Obtaining A Child’s Passport During A Parenting Dispute


Obtaining A Child’s Passport During A Parenting Dispute


What Can I Do If My Partner Will Not Agree to the Child Obtaining A Passport

The Court is often inundated with applications from parents seeking to have passports issued, to enable them to travel with their children overseas. This typically occurs during the school holiday period.

Although the idea of a holiday does not seem unreasonable, there are occasions where an ex-partner will not consent to the issuing of a passport. At times. the refusal to provide consent is based on a legitimate concern however; there are instances where the denial is unwarranted.

Where parents are exercising equal shared parental responsibility for their children, both parents are expected to consult with one another about any future travel plans and both must seek each other’s consent and complete the relevant forms to facilitate the issuing of a passport for the child or children. In the absence of obtaining consent, the effected parent must attain an Australian Court Order to allow a child to travel globally.

Exemptions To Issuing A Passport to A Child

Nonetheless, people are usually unaware of the exemptions to the primary requirements for the issuing of a passport to a child. Such exemptions are detailed in the Australian Passports Act 2005 (the Passports Act) and are deemed as “special circumstances”. Examples of special circumstances include:

  1. The non-consenting party is unable to be located. In such situations, the Passport Office will rely on their databases to trace the whereabouts of the other parent. If they are able to successfully find an address for the parent, written correspondence is sent to the objecting parent directly, informing them of the proposed application and seeking their consent to the issuing of the child or children’s passport. Subsequently, the Passport Office will request a response within a period of 10 working days. If a response is not received within that timeframe, the appropriate delegate in the Passport Office will exercise their discretion to decide whether or not to issue the child’s passport;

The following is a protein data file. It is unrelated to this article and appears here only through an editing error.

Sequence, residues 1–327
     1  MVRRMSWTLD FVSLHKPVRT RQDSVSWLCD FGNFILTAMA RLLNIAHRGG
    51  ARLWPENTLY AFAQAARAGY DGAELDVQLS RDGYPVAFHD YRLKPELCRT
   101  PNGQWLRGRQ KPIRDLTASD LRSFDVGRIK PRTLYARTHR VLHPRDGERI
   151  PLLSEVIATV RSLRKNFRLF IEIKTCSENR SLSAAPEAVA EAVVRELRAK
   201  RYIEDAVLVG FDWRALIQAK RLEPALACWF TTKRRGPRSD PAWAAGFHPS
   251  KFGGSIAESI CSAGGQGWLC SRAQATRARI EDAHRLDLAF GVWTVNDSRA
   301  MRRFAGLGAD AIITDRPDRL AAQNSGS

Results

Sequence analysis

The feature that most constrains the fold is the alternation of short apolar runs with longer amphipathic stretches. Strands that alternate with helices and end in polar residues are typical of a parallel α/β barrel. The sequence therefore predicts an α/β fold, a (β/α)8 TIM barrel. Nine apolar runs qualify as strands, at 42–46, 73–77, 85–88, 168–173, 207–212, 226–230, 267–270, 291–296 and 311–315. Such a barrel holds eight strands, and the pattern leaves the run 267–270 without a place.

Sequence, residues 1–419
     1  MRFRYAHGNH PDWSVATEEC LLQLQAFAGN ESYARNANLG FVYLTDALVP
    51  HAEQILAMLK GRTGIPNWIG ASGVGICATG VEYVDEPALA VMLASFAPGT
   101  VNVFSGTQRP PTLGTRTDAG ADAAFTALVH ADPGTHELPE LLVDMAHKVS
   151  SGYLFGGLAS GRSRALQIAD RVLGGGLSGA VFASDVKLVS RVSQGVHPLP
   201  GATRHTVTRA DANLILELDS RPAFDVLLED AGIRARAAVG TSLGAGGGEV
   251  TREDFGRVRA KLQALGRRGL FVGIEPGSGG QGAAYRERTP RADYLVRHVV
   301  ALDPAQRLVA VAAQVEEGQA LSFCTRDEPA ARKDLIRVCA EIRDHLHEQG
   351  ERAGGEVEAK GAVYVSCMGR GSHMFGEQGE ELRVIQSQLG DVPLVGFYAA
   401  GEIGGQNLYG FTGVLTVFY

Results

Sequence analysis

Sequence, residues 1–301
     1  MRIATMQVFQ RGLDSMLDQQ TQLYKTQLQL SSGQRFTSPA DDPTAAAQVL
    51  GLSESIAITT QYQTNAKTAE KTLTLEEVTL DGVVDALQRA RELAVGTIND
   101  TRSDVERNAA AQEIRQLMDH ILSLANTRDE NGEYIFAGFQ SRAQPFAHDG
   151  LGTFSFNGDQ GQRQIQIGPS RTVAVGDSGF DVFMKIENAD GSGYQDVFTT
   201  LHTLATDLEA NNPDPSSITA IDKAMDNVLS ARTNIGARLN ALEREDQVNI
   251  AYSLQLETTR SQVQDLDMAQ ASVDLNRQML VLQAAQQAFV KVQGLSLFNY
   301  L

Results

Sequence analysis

2. The non-consenting party has not had any contact with the child over a reasonable period of time. What is deemed to be a reasonable period of time is based on the discretion of the representative making the decision nevertheless, the policy’s guiding principles provide that, for a child who is less than 3 years of age, the reasonable period to time would be since the child’s birth; whilst for a child aged 3 years or more, but less than 16 years of age, he practical period of time would be at 3 years; and
  3. A family violence order (also referred to as an Apprehended Violence Order (AVO)) has been made pursuant to a prescribed law of a State or Territory. The AVO may be an interim or final order and in some cases, even if an AVO has expired, the Passport Office will need to assess each case on its own merits and investigate the circumstances and conditions in which the AVO was granted, prior to making a final determination as to the issuing of a child’s passport.

Special Circumstances

It is important to note that the special circumstances outlined above do not apply where the Passports Office has been presented with court documents confirming that there are parenting proceedings currently listed before the court, which may impinge on the rights of a person in relation to the child. Further, the exemptions do not apply where final court orders are already in place, preventing a child from leaving the jurisdiction. In these instances, the Passport Office cannot issue a child’s Passport. A further Order will need to be obtained from the Court to enable the Passport Office to enforce its powers to issue the Child’s Passport in the future.

If it is your intention to take your children for holidays and you envisage that you will have problems obtaining the other parent’s consent, it is advisable that you engage a solicitor to assist you in the negotiation process. In the event that discussions do not result in a positive outcome, proceedings will need to be commenced to seek judicial intervention and formal orders from the court regarding the issue. Our legal team at Sage Solicitors would be pleased to assist you with this process. Please contact Charly Tannous or Luisa-Maria Maroun for further advice or to make an appointment.